The history of the 1948-9 Arab-Israeli war is deeply controversial. Israelis and their supporters have traditionally referred to the conflict as the War of Independence, seeing it as a defensive war to prevent the destruction of the fledgling Jewish state in the face of overwhelming Arab aggression. Palestinian Arabs and their allies know the events around it as the Nakba (catastrophe) — the destruction of Palestinian society, the establishment of Jewish rule in Palestine, and the expulsion of hundreds of thousands of Arabs from their homes.
Jewish Immigrants Seek a Safe Haven
The war had its roots in waves of Zionist immigration to the Land of Israel, beginning in the 1880s and peaking in the 1930s and ’40s, with the flight of Jews from the Holocaust. Their plight and the absence of a single country willing to give them a home made urgent the need for a Jewish state.
Following World War II, hundreds of thousands of Jewish displaced persons set their sights on aliyah, but the British government — in control of Palestine since 1917 and keen to maintain friendly relations with the Arab world — refused to admit them. As violence between Jews, Arabs, and the British mounted, Britain handed over the problem to the United Nations.
In 1947, Palestine’s population of 1.85 million was approximately one-third Jewish and two-thirds Arab. The United Nations Special Committee on Palestine (UNSCOP) proposed the end of British rule and the partition of the country into Jewish and Arab states and an internationally controlled area around Jerusalem. The Zionists, desperate to enable Jewish immigration and with an eye to future territorial expansion, accepted the plan. The Arabs rejected it as they opposed any Jewish rule in Palestine.
On November 29, on the heels of the UN General Assembly’s vote in favor of partition, Jewish settlements and neighborhoods were attacked by Palestinian guerrillas.
What ensued was, in effect, two separate conflicts: a civil war between Palestine’s Jews and Arabs (November 29 1947-May 14 1948) was followed by the establishment of the state of Israel and its invasion by five Arab armies; the ensuing war lasted until July 1949.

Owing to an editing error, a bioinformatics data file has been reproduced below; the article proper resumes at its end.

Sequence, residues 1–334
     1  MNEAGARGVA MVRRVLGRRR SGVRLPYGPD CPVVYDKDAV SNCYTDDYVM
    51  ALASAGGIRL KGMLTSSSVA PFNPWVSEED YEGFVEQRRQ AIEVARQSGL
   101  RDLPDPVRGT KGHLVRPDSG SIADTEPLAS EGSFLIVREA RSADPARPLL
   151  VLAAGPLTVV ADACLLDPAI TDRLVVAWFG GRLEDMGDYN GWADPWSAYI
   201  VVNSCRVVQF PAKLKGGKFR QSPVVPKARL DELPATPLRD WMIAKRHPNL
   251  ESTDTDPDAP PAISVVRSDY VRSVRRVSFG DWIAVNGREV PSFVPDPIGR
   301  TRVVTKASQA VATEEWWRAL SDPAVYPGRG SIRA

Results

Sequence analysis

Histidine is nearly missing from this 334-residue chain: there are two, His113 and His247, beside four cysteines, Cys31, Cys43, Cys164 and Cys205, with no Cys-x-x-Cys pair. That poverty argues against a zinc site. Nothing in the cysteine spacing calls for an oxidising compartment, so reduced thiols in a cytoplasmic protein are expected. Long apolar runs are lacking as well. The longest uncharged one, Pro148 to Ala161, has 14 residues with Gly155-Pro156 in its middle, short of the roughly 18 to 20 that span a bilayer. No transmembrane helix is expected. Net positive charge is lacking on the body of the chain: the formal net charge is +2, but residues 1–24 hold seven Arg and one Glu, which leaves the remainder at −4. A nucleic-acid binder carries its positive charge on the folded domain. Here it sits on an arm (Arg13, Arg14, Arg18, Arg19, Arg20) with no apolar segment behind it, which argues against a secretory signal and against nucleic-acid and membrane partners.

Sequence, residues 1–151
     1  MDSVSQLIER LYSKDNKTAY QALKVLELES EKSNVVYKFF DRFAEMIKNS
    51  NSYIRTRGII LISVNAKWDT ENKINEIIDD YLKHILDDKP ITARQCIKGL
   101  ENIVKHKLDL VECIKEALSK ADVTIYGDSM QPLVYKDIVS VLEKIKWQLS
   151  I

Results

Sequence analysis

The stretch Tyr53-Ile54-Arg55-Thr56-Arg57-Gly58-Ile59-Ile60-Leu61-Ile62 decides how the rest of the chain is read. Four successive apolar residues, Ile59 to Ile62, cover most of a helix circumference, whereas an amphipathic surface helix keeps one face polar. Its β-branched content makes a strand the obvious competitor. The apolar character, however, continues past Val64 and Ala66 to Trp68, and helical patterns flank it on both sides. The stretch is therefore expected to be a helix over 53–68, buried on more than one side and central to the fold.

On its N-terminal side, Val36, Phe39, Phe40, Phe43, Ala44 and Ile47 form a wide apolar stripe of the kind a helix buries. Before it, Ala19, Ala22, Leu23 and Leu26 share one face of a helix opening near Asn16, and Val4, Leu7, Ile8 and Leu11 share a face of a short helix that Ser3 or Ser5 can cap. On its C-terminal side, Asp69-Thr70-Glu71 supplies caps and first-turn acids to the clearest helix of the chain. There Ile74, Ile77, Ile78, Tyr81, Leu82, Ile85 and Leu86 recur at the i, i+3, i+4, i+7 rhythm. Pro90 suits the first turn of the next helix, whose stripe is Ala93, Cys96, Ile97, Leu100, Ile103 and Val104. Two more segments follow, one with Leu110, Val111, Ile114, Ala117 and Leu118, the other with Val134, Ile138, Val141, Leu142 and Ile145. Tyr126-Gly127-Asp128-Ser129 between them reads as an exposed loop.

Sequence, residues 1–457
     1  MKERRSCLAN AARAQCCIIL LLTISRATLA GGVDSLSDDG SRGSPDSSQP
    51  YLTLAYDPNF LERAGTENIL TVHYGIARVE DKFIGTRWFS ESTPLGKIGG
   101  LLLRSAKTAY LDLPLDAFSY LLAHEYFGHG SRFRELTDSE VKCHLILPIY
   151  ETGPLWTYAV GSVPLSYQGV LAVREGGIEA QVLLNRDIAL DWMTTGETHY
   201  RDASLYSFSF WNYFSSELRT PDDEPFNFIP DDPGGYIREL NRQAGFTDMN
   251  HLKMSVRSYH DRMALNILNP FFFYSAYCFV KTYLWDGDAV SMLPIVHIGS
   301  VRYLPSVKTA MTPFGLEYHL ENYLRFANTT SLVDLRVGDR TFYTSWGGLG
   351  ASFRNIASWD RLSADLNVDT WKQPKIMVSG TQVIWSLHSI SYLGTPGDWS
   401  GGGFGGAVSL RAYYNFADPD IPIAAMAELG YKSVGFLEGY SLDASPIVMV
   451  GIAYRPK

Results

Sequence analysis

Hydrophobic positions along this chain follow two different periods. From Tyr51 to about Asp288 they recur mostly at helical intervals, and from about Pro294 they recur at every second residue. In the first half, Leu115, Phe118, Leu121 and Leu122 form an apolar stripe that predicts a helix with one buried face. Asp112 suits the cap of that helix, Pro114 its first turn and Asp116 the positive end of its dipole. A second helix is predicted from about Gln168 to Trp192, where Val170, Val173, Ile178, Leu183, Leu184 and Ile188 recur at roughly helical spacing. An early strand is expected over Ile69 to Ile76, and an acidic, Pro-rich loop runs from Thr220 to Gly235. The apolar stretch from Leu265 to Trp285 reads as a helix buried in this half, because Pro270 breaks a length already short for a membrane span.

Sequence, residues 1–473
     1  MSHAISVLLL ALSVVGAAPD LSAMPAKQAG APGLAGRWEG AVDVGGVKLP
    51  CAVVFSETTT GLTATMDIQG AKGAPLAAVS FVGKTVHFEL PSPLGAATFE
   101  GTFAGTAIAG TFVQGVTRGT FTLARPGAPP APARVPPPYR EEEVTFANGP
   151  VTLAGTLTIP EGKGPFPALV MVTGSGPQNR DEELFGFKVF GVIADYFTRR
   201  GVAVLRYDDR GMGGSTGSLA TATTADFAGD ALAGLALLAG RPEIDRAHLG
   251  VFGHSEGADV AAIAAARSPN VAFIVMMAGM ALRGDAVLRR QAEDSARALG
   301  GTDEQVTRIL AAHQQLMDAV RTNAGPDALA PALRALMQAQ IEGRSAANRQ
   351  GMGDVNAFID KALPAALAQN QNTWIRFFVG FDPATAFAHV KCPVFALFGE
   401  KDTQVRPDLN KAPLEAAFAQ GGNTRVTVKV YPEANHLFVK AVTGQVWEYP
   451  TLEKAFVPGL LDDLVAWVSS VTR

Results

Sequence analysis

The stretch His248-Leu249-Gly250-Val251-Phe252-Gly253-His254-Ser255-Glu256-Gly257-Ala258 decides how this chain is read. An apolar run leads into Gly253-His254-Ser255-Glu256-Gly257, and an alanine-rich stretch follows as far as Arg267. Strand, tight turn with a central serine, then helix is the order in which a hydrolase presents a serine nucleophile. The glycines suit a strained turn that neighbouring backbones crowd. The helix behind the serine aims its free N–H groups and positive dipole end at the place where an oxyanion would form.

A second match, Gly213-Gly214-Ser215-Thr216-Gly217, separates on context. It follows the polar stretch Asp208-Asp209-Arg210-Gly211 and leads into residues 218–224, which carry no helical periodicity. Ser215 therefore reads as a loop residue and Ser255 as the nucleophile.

A Civil War
In the civil war, the Haganah — the Jews’ underground defense organization — together with two smaller paramilitary units, the Etzel (National Military Organization) and the Lehi (Israel Freedom Fighters), fought against loosely organized Palestinian fighters and volunteers from Arab countries. Between November and March, the Haganah’s main challenge was to repel Arab attacks on isolated settlements, Jewish areas of mixed cities, and on the roads.
The road to Jerusalem came under attack and the Jewish neighborhoods of the capital were cut off, unable to receive supplies, food, or water. The Jewish forces repelled most Arab attacks but suffered heavy defeats, for example the loss of 35 soldiers en route to defend the Etzion bloc of settlements.
In April 1948, in anticipation of the British departure, the Haganah launched Plan D, an offensive program for the expansion of Jewish-controlled territory. Operation Nahshon — hoped to open the road to Jerusalem. On April 9, the Etzel and Lehi invaded Deir Yassin, an Arab village near Jerusalem, killing more than 100 Arab civilians and prompting the flight of thousands of Palestinians from their homes. Tens of thousands of additional refugees fled following the Palmach’s conquest of Haifa, Jaffa, Safed, and Tiberias.
Jewish casualties followed: Seventy-seven medical personnel of Hadassah hospital on Mount Scopus were killed by Arab forces on April 13, and on May 13, following the fall of Kfar Etzion, 129 of the settlement’s defenders were killed by Arab villagers from the Hebron area.
By mid-May, the Haganah had routed the Arab forces and was in control of the major cities and more than 100 Palestinian villages. It had 30,000 fighters under arms and had taken delivery of a major arms purchase from Czechoslovakia. On May 14, 1948, the eve of Britain’s departure, David Ben Gurion declared the establishment of the State of Israel at a ceremony in Tel Aviv. The next day, the new state was invaded by the armies of Egypt, Syria, Jordan, Lebanon, and Iraq.